12. There's a time and a place for everything. Practice autos from ~500' with kids on board in the middle of nowhere ain't the time or place. The FADEC might've saved them from their poor judgement and execution had they managed to leave it alone once they got it back to the FLIGHT detent. Your friend might not have realized the engine was pulled down but they both should've known to get the collective down at least. I can tell you from a SIM at least that it's really hard to keep the black on bottom when the rotor is significantly drooped on the AStar. Luckily I started from ~2000' and I was in a simulator.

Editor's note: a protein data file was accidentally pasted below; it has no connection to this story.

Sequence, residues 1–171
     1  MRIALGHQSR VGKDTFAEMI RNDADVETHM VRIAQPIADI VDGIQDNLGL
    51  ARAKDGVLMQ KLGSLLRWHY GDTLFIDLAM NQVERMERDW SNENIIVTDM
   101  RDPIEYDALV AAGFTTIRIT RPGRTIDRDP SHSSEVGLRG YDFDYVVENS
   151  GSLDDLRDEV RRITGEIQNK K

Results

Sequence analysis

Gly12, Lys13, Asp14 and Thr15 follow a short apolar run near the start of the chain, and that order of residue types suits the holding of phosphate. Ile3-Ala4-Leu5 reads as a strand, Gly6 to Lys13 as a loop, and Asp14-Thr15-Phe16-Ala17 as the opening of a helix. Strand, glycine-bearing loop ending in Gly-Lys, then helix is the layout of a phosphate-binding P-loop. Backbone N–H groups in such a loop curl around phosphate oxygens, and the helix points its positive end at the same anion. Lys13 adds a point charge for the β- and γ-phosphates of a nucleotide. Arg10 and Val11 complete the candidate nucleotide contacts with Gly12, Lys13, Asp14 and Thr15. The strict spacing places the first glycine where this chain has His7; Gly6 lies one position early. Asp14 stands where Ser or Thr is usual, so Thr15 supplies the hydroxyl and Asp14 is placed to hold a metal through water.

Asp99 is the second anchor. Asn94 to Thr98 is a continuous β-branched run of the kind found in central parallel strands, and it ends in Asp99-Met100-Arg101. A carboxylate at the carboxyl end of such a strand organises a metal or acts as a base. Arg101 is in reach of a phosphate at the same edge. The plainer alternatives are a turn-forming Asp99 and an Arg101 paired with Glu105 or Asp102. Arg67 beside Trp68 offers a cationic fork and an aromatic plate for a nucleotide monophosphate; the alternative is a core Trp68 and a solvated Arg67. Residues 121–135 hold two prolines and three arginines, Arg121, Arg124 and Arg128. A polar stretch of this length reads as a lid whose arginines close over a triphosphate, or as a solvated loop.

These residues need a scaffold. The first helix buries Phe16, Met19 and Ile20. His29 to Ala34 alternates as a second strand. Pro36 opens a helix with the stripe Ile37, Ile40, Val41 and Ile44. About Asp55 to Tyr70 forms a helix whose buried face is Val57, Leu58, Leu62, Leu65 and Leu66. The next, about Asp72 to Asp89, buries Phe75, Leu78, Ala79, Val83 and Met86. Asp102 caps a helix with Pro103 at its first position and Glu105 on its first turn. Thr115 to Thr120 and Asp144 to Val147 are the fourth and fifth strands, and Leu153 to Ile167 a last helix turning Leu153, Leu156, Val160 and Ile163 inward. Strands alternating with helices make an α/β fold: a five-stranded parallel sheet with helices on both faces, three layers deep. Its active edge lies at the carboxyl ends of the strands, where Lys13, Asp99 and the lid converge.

13. Look WEAMS on the VA site to find VA approved schools. Definitely more than just those states. VA won't pay for private pilot privileges (because it's not professional training), but some degree seeking programs will enroll you w/o ASEL private privileges. This way you can always get your private privileges 'paid for' by taking the checkride under Part 61 when you meet the requirements, but the VA won't reimburse you for the checkride. They will reimburse you for the checkride for professional ratings; I think it's https://www.vba.va.gov/pubs/forms/VBA-22-0803-ARE.pdf to get reimbursed. If your program of choice requires private privileges in category and class prior to enrollment then you're sh*t out of luck and you'll have to pay for it out of pocket like everybody else. You can enroll in a VA approved 141 course and take the checkrides when you meet Part 61 requirements as well. You'll need a 141 school that will play ball. You'd do this if time is of the essence, as you burn through the GI bill quick this way. I know our local degree affiliated program milks your GI Bill for all it's worth, which means it'll take you all 4 years. You can only burn through so much $$ in one academic year, this year it's just under $14k. For those rating folks reading: If you've got your poop in a group, you could buy a cheap airplane, say a Piper Tri-Pacer, and do most of your time-building and instruction in it, while enrolled in a 141 school and use the 141 school instructor in your airplane. Use the 141 school for the complex, instrument and multi. Do all your instrument training at night. Sell your airplane when you're done. If you're lucky it'll be worth about what it was when you bought it. You'll need an IA, and don't cheap out on the pre-buy. The VA academic year starts on 1 August, IIRC, so you could own the plane for less than a year, and get ~$28k of 141 training, and nug out just about all of your ATP required flying, minus maybe some MEL time. If you managed to get your MEI along the way, you'd be golden like a shower.